Working for Smart Growth:
More Livable Places and Open Spaces

 

Creative Affordable Housing

Smart Growth Awards Title: Rosner Complex, Delanco Township
Winner:Delanco Renaissance


Although all New Jersey municipalities have a constitutional obligation to provide their share of affordable housing, many communities choose to transfer a large portion of their fair share obligation of affordable housing to another community through a Regional Contribution Agreement. The Burlington County town of Delanco Township, however, chose to seek out ways to keep its affordable housing in town – while simultaneously working to revitalize the town’s small downtown.

Although all New Jersey municipalities have a constitutional obligation to provide their share of affordable housing, many communities choose to transfer a large portion of their fair share obligation of affordable housing to another community through a Regional Contribution Agreement. The Burlington County town of Delanco Township, however, chose to seek out ways to keep its affordable housing in town – while simultaneously working to revitalize the town’s small downtown.

After the construction of a new age-restricted housing complex generated the constitutional obligation to build new affordable housing units, the mayor, town council, and the developer, Delanco Renaissance, decided to channel the affordable housing money generated by the age-restricted development into small scale infill projects that would not only provide the necessary affordable housing but also remove blighted and abandoned buildings in downtown Delanco.

The site that they chose to redevelop, the ½ acre Rosner tract, is located in the center of the community along its busiest road. The site is across the street from the Township’s middle school, one block from a bus stop, and within walking distance of the Township’s commercial core. There were three connected structures on the site including a two-story brick building known as the Colonial Building, with an attractive but crumbling front façade, and two deteriorating one-story masonry structures that many in the town considered eyesores. The Colonial Building had two apartments on the second floor that were in very poor condition; the downstairs and the adjoining masonry buildings had been used by a variety of commercial uses and at the time of the redevelopment, two were vacant.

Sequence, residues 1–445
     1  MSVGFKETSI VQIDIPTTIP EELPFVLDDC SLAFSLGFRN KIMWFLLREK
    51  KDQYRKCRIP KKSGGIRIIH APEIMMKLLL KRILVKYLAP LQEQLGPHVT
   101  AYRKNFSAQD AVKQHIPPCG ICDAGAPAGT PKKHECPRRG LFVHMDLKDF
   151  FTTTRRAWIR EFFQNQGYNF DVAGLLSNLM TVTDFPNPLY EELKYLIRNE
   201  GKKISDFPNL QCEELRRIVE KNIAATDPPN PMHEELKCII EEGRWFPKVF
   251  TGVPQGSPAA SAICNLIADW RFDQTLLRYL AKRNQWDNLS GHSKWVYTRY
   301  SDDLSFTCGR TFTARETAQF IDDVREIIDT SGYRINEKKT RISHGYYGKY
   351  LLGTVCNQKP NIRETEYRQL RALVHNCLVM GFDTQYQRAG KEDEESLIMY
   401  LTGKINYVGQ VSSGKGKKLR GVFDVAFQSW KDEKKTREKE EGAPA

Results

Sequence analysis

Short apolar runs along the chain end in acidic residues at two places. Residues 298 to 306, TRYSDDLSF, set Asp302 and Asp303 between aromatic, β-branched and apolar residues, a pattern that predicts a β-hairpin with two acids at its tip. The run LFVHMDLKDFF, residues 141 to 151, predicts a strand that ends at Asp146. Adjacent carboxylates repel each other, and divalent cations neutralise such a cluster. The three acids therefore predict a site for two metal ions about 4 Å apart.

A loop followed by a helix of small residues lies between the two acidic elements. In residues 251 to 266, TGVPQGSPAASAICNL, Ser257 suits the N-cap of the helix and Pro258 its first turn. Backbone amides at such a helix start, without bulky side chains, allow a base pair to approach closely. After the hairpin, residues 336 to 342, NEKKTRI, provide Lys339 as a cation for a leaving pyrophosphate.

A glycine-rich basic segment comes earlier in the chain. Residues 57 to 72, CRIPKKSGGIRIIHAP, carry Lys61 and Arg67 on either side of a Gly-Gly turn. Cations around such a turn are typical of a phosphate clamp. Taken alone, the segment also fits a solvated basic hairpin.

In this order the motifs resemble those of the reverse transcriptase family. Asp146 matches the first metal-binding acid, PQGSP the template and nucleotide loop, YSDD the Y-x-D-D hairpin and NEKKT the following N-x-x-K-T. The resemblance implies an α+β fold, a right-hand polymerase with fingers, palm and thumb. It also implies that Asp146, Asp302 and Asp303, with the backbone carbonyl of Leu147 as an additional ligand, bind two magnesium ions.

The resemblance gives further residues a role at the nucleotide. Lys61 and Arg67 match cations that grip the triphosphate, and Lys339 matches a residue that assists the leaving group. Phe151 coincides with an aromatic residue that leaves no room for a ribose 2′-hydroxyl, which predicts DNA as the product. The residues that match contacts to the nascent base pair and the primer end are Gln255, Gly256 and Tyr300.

The Colonial Building was rehabilitated, maintaining the same rooflines and saving the façade that gave the site its distinctive character. The interior was rebuilt into four one-bedroom apartments. To maintain visual interest and varied heights, the center one-story masonry structure was retained and a two-bedroom home was built inside. A peaked roof parapet was added to carry the design theme created by the Colonial Building.

The other masonry structure was converted into the mixed-use portion of the development. The first floor was converted into a restaurant that now provides a much-needed community gathering space that adds to the area’s street life. Above the restaurant are two “stacked townhomes” with two bedrooms each. Placing two two-story townhomes on top of the masonry structure added more height than is typically found in the community; to mitigate this, the roof was divided so that each of the stacked townhomes has a separate peaked roof. The peaks of these roofs match the pitch and shape of the peaked roof over the other two buildings on site.

Lastly, a detached garage in the rear of the property was removed, and two townhomes with front porches and bay windows have been built. An internal parking lot provides ample spaces for the residents and the restaurant staff. Restaurant patrons park along the main street, contributing to the sense of life and activity along the Township’s core road.

The development resulted in the construction of nine affordable rental homes. The Rosner tract is now fully occupied with community residents who take great pride in their new homes. This past holiday season, the homes were decorated by the residents with lights and candles; last summer, flower pots and gardens brought color and vitality to the new buildings. Delanco residents walk or bike to the restaurant for a meal or for one of the many civic events and meetings that are now held there.

This unique public-private partnership harnessed the abilities and resources of the private sector while providing an example of much of the good smart growth can bring a community: a revitalized downtown, increased housing choices, re-use of existing buildings, and new community space for the town’s 3,300 residents.

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